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Learning not to burn

As the dry season progresses in Trinidad, smoke becomes an ever-present feature.  While people blame “bush fires” on spontaneous combustion, most are either arson or agricultural fires.  While it always bothered me to see the landscape burn, it was the especially intense fire season of 1987 that really opened my eyes to the problem.

The Agricultural Fires Act, passed somewhere in the distant past, was an attempt to prevent burning.  The act made it a crime to plant annual crops on land that had burned.  I would be surprised if the act has ever been enforced; more to the point, while it may have been used for punishment a few times, it was designed to change behaviour.  And on that front, it was a colossal failure.

Fire has always been used to clear land for agriculture.  Where permanent cultivation replaces shifting cultivation, fire becomes less important as the frontier moves on.  But where land is farmed for a few years and then abandoned, fire is an essential tool.  This is especially true on poor tropical soils – not only is fire an efficient tool for clearing land and releasing nutrients from the vegetation, but the ash is also increases soil fertility by raising the pH and increased the nutrient holding capacity of the soil.  Fire is also useful for controlling pests and pathogens – in the tropics there is no winter to knock back pest and pathogen populations.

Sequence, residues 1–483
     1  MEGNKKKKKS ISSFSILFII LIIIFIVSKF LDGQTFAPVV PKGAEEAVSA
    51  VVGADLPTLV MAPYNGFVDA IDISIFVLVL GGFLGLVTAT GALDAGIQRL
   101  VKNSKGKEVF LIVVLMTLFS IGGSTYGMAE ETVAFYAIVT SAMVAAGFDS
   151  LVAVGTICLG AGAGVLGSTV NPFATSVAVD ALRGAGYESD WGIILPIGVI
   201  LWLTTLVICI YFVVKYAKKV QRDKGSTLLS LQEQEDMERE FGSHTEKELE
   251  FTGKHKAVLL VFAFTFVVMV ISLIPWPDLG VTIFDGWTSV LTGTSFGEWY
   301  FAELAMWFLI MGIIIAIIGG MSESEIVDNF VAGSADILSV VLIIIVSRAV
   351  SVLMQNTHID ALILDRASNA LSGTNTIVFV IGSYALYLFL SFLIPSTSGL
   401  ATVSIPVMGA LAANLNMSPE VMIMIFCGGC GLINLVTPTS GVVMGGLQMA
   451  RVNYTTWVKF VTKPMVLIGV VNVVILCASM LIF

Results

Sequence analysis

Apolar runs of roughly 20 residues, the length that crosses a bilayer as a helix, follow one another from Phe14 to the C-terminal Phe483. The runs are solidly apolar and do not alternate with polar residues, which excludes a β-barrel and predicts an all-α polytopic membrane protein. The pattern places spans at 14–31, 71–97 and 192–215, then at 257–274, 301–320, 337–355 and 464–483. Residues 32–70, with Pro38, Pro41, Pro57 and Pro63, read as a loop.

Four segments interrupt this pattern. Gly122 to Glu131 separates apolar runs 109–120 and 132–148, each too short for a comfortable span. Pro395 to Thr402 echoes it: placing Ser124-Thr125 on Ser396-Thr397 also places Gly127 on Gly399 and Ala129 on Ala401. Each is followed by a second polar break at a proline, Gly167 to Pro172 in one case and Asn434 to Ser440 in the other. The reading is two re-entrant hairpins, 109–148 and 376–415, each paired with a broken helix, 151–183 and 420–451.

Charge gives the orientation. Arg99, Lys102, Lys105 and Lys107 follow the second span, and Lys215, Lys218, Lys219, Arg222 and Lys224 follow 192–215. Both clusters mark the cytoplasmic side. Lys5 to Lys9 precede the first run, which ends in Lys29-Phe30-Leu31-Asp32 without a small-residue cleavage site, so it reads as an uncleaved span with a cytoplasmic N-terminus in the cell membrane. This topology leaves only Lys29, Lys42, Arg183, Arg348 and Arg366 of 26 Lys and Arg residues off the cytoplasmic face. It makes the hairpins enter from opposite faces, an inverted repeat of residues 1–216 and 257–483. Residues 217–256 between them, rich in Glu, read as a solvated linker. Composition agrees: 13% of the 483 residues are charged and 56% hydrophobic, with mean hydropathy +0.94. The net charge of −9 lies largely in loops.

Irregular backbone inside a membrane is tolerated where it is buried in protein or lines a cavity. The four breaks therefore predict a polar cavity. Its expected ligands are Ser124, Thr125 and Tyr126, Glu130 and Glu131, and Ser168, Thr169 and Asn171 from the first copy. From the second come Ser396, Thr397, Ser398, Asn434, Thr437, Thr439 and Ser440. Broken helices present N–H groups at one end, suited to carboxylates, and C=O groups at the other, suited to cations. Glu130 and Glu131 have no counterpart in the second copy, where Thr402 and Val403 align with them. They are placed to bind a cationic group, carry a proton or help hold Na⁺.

But there’s a cost to using fire.  The simplest one is the risk of escape – agricultural fires are a major ignition source for wildfires.  Fires kill beneficial soil organisms, they consume soil organic matter.  And smoke can have a major effect on health and quality of life.

The latest issue of New Agriculturist has an article on the work of a group called Sustainable Harvest International which is working with farmers in Central America to teach them alternatives to burning.  They are teaching the use of cover crops, integrated pest management, and erosion control techniques and something called bocashi as ways of reducing reliance of fire as an agricultural tool.  Bocashi is interesting

This highly effective and inexpensive natural fertiliser can be made from readily-available materials, including manure, coffee pulp, or rice hulls, together with yeast and molasses. These are then mixed with healthy soil. The yeast feeds on the molasses during a 15-day fermentation and decomposition process, aided by mixing manually twice-a-day. The bocashi mix is then added to crops, and yields either match or improve upon those obtained with chemical fertilisers – at a fraction of the cost.

They appear to be teaching the use of permanent fields as an alternative to shifting cultivation.  Back in the day when I thought of forest conservation as the most important issue, I would have supported permaculture over shifting cultivation without a second thought.  But permanent cultivation usually entails heavy chemical use, and leads to continuing losses of soil carbon, soil fertility and the general “health” of the soil.  It appears that this isn’t what is being done here – working with an eye to sustainability (rather than just forest conservation), this group appears to be getting it right.  An important factor is that it appears to be improving the quality of life for the people involved: